Review: ‘The Story of the Gun’ at Woolly Mammoth

“All you have to do is move your little finger, move your little finger, and you can change the world.” That line from Stephen Sondheim’s Assassins could well serve as an epigraph for Mike Daisey’s monologue, The Story of the Gun, now playing in a limited run at Woolly Mammoth. For Daisey, guns did not merely change America; they are foundational to what the United States always has been and remains today.

Mike Daisey, creator and performer of 'The Story of the Gun.'
Mike Daisey, creator and performer of ‘The Story of the Gun.’ Photo courtesy of Woolly Mammoth Theatre Company.

A conversation about guns is something Americans don’t really want to have, Daisey begins by saying, illustrating his point with an anecdote about his encounter with an NPR interviewer who, despite being freaked out by guns in his private life, was all blandness on the subject while on air. The monologue then segues into a brief history of firearms, which in turn leads to a key theme: without guns, the enslavement of African-Americans and the genocide of Native Americans could not have taken place. Without these two crimes, Daisey emphasizes, America as we know it could not have come into being.

Part of the effectiveness of Daisey’s art is his interweaving of the personal with the historical and political. He spends a good deal of time talking about his boyhood home in northern Maine and the hunting culture in which he grew up. He recalls students in his school being told, during hunting season, to be sure to stow their rifles in their lockers, rather than carrying them around the hallways. He gives the audience an extended, hilarious riff on his reaction to the rigors of deer hunting, the messy processing of the deer, and his distaste for venison.

His family home’s basement plays a major role in his story. This is not the finished basement of suburban homes but a dark cellar of the old school, a place of mystery -especially a locked chest – but also a place where he can pursue building models. It is also a metaphor: white America’s treatment of Native Americans and African-Americans is akin to the pillars of an entire house, which those of us living on the upper floors rarely see and seldom like to think about.

Daisey does something that African-American activists have long argued is essential: he is a white man explicitly talking to other white people (the audience was overwhelmingly white) about the racial assumptions that undergird American society and white people’s position in it. He doesn’t specifically make the point that some others have – that the right to bear arms, in an era of “stand your ground” laws and the readiness of prosecutors and grand juries to excuse police shootings of black men, is largely a white right – but he does ground that right in the need of white Americans to be able to fend off real or imagined threats from the racially-defined “other.”

Daisey has also created and performed a work titled “A People’s History,” based on the work of historian Howard Zinn. Daisey’s somewhat jaundiced take on American constitutional history (among other things, Daisey is no fan of Hamilton, either the historical figure or the hit show) shows a good deal of Zinn’s influence. There is much more to the Bill of Rights than the 2nd Amendment, in terms of its substance (e.g., due process, trial by jury, limitations on search and seizure), but one would not glean this from Daisey’s presentation any more than from NRA talking points.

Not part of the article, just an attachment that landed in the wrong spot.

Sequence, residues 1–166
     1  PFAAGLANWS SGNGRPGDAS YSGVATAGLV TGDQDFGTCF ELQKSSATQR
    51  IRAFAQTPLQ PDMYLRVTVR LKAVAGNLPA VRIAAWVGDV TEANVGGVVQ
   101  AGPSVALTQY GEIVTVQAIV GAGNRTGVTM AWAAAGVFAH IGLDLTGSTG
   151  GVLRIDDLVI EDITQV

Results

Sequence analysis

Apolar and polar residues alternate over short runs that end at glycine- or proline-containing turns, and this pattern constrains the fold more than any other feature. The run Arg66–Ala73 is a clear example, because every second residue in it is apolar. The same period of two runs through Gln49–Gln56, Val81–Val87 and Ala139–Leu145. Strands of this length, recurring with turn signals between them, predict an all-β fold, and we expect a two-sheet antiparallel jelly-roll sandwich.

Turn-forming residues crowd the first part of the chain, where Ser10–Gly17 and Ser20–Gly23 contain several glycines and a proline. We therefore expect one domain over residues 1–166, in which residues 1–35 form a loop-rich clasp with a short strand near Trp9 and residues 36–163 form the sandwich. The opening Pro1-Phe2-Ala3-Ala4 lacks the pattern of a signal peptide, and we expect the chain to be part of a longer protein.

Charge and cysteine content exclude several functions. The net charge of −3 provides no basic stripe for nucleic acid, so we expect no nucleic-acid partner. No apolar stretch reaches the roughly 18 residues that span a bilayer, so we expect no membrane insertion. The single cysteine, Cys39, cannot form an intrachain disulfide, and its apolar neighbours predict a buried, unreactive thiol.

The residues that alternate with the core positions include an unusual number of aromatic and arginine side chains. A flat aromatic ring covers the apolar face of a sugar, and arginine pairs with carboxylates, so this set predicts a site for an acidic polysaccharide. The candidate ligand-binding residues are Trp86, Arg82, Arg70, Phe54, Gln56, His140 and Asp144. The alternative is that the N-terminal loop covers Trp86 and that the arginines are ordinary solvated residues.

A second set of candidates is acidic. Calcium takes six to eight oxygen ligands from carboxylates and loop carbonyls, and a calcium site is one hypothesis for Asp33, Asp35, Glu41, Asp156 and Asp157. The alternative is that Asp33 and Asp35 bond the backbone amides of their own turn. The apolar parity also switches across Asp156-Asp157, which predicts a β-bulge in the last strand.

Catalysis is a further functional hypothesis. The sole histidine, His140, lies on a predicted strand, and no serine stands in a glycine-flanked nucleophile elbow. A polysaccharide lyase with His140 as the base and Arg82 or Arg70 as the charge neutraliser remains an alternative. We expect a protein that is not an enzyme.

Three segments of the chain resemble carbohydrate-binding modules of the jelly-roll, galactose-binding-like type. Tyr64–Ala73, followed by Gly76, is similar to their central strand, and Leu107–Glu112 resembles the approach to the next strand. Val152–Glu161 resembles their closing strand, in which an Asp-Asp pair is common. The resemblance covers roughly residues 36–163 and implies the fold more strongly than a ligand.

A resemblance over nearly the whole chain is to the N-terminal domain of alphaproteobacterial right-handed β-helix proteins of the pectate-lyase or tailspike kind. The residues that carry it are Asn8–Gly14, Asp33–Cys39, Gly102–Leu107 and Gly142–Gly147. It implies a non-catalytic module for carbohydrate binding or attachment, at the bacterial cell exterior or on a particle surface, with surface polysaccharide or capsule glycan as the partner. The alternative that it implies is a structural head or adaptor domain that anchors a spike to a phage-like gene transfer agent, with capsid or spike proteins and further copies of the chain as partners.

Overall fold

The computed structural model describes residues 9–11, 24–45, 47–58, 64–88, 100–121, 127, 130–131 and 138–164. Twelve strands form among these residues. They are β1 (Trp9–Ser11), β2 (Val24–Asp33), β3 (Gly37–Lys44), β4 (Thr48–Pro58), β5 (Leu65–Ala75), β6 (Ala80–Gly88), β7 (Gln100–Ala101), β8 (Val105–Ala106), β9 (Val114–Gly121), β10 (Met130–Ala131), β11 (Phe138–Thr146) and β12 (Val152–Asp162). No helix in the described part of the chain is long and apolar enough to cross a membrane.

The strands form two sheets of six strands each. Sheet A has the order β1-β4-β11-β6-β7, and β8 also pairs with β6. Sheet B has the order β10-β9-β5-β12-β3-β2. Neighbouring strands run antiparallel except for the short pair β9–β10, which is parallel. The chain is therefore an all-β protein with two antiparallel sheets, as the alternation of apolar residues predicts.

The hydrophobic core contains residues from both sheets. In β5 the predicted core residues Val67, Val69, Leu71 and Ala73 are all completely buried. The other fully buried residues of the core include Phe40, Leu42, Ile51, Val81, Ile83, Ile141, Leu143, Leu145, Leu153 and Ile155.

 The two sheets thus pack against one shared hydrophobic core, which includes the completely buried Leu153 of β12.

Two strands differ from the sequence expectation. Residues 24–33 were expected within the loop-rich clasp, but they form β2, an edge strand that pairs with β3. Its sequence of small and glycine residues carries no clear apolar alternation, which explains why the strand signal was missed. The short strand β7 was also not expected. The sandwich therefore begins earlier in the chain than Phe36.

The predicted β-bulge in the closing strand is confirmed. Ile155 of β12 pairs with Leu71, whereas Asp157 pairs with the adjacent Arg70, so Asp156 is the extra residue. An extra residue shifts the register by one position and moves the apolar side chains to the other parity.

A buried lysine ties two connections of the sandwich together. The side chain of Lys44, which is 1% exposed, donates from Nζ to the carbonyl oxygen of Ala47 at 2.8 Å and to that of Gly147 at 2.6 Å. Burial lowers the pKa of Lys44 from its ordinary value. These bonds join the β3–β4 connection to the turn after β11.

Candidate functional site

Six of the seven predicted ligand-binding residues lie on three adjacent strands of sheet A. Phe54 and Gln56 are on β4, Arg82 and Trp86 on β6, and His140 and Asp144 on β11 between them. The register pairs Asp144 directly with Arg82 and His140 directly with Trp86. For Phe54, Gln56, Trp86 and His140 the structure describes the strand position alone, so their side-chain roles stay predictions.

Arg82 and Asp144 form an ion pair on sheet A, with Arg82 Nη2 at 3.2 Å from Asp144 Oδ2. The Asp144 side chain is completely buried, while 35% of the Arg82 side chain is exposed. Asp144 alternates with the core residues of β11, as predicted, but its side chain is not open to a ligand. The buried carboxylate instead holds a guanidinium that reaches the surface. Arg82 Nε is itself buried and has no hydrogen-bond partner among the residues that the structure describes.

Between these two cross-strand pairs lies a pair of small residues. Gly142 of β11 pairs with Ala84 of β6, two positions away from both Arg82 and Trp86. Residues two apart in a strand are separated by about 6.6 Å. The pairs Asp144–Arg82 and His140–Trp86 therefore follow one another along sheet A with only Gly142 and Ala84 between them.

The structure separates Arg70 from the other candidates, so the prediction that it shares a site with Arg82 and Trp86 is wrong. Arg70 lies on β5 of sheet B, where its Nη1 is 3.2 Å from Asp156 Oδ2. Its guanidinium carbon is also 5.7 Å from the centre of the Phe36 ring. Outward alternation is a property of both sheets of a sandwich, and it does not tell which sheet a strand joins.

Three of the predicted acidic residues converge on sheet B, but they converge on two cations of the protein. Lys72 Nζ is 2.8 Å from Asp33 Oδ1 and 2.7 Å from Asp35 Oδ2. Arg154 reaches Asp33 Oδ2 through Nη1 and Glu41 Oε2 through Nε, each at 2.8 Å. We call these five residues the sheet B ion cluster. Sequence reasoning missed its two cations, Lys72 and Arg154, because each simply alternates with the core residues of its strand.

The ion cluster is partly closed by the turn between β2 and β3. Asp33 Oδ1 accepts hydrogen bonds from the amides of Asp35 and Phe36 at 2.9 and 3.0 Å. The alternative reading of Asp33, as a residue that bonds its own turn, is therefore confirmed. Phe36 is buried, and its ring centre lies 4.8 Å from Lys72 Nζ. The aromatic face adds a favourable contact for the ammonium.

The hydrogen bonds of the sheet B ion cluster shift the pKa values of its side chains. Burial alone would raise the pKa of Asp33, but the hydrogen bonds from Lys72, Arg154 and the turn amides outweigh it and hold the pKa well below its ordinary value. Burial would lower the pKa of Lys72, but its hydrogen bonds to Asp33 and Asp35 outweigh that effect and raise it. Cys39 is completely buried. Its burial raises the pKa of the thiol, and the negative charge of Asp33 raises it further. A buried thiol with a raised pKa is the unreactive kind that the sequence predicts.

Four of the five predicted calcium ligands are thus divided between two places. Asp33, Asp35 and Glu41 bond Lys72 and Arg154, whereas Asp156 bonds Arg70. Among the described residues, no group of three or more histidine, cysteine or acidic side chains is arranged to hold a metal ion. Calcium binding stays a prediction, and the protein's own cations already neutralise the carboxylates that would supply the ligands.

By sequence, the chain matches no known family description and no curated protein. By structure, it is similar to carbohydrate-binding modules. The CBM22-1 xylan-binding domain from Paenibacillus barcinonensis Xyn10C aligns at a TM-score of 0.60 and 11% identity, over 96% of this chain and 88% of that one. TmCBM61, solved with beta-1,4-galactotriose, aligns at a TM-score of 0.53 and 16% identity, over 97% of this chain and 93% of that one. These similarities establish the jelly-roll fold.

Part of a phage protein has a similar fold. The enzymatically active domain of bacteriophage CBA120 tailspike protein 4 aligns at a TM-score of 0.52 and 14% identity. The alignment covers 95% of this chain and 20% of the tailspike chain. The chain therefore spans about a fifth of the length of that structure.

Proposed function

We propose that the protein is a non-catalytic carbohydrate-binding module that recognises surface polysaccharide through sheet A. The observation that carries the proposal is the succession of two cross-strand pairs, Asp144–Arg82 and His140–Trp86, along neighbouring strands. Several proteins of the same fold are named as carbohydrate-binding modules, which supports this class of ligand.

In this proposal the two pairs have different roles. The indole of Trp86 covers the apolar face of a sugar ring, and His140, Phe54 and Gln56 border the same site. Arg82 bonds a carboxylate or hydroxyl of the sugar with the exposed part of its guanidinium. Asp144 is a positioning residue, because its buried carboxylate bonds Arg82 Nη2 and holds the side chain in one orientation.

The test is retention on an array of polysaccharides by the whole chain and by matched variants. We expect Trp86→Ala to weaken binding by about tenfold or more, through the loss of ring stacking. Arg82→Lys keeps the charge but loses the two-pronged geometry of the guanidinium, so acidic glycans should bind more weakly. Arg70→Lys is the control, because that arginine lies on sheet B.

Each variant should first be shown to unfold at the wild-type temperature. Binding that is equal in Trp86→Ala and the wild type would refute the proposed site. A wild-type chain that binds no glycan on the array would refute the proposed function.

In the latter part of the evening, Daisey delves into the history of the NRA, which until the 1980s was a very different, hobbyist-oriented, organization, far from the political powerhouse that it has since become. He makes a very insightful analysis of the fear-based strategy that fueled this transformation.

As far as I know, the NRA’s Wayne LaPierre was not in the opening night audience. Perhaps Woolly Mammoth should invite him.

For Daisey, the strongest arrow in the NRA’s quiver is the creation of an illusion that change is unthinkable. In the efforts of young people following the Parkland shooting and similar incidents, he finds a glimmer of hope that, despite guns being part of our country’s DNA, despite the overwhelming political and logistical difficulties involved, some movement could be possible.

A prolific and nationally-recognized monologist, making his seventh appearance at Woolly Mammoth, Daisey is far too skilled to turn the evening into a lecture. Speaking in a conversational tone, he combines information, humor, and personal recollection in a way that keeps an audience’s attention focused throughout the almost two hours of the show. He sits at a large table, sometimes mopping his face with a small cloth, which he sometimes uses subtly to emphasize something he is saying.

A lengthy monologue is in some ways analogous to a musical performance. Daisey most often speaks in a relatively high vocal register, which he can transform into a mellifluous baritone when impersonating an NPR announcer, or into something reminiscent of Garrison Keillor’s style when telling the well-crafted concluding anecdote about his father’s work with PTSD-afflicted veterans. Much of his presentation is staccato, with frequent self-interruptions, but he varies this with some effective legato passages. His monologue, at once thought-provoking and entertaining, is very much worth experiencing.

Running Time: One hour and 55 minutes, with no intermission.

The Story of the Gun plays through August 9 at the Woolly Mammoth Theatre Company, 641 D St., NW, Washington DC. For tickets, call 202-393-3939 or go online.


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